Sony’s online first-party shooters MAG, SOCOM 4, and SOCOM Confrontation will cease to be playable online from January 28th, 2014, as it confirmed on the Official PlayStation Twitter Page.
What reason does the company have? For one, MAG is a massive video game which allows up to 256 players in a match, so the money to keep those beasts running can’t be cheap. SOCOM was once a pioneer of online play for Sony consoles, but it simply can’t keep up with Call of Duty or Battlefield anymore being locked to a single system.
My biggest guess on the matter though is that Sony is just totally ready to move on to the PlayStation 4 and get a fresh reboot without the baggage of dated servers weighing it down.
The original SOCOM and MAG developer, Zipper Interactive, closed back in 2012, so I suppose there is no real hope in regaining the series. The team turned to Kickstarter to create a spiritual successor to the series called H:Hour.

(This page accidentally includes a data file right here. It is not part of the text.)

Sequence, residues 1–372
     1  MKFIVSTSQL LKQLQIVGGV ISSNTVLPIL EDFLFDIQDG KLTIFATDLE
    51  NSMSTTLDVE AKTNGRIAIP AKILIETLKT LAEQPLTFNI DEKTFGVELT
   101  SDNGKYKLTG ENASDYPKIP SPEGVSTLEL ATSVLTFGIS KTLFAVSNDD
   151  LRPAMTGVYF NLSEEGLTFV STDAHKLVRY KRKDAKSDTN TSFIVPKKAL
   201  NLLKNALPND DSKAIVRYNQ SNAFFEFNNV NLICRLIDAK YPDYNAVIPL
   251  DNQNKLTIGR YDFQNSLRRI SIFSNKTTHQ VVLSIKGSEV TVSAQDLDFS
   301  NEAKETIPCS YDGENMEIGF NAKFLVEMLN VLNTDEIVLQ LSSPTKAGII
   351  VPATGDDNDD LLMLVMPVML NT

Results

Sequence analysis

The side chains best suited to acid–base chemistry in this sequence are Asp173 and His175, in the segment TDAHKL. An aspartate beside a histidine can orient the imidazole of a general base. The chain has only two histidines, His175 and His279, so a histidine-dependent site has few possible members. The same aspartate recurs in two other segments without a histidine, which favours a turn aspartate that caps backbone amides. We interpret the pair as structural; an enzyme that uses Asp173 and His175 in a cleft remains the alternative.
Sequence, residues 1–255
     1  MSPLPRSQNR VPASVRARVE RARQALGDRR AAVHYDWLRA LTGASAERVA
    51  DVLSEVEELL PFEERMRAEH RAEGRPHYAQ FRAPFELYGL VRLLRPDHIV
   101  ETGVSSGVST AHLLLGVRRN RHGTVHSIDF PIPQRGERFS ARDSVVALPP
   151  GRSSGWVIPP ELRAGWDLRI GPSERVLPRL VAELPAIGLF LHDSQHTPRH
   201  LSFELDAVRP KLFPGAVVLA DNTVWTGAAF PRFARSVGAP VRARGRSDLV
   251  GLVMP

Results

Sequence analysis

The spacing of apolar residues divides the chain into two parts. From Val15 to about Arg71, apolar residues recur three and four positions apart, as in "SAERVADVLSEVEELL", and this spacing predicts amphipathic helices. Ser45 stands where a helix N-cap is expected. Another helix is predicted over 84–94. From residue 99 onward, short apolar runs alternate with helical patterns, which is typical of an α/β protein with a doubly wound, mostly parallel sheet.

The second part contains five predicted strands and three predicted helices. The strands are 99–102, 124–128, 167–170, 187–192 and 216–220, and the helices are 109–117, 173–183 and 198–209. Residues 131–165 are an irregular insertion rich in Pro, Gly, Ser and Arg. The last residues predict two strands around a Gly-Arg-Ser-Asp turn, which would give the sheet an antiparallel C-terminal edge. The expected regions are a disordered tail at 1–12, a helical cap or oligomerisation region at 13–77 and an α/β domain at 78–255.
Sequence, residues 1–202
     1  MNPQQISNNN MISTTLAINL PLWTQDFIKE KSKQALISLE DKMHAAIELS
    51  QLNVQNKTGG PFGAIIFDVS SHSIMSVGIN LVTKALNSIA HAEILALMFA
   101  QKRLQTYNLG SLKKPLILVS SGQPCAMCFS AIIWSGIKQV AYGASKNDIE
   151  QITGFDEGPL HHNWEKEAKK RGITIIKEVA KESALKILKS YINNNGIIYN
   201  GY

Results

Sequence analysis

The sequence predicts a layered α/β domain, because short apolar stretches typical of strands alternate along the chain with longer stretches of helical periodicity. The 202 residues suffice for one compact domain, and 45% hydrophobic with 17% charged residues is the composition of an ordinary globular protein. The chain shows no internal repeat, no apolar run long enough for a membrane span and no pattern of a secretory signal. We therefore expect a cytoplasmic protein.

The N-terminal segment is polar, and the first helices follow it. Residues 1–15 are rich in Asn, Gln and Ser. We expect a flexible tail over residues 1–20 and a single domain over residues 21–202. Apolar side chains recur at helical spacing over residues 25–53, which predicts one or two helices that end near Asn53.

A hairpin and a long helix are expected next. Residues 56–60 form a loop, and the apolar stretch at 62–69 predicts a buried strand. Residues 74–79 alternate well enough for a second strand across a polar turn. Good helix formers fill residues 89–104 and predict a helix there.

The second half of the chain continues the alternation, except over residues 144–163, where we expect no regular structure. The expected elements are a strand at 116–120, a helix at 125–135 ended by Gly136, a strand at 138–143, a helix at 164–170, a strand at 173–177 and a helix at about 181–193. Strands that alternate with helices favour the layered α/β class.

SOCOM Confrontation developer Slant Six went independent, and recently created Resident Evil: Operation Raccoon City.
Of the three canceled games, Only SOCOM 4 has an offline element to it. MAG and SOCOM Confrontation are now both doomed to be lost to history and can never be played again once the servers go down. The tragic side effect of online only gaming is that nothing lasts forever, and you can never again enjoy those nostalgic games you picked up and played when you were younger.
Kind of a shame, too. Now that I think about, excluding the early days of 56K Command and Conquer, SOCOM: US Navy Seals was my first jump into online gaming back on the PlayStation 2. I sunk tons of hours into getting blown away on every single map, but I still enjoyed myself a lot.
Welcome to a world where nothing is yours and nothing is sacred. Don’t get too attached because it’s only a matter of time before it’s yanked from your hands. I think I’ll hold on to my physical media for a while, thanks. I might still have that old SOCOM: US Navy Seals disc somewhere in my closet. Maybe I’ll fire it up to celebrate the fact that I still can.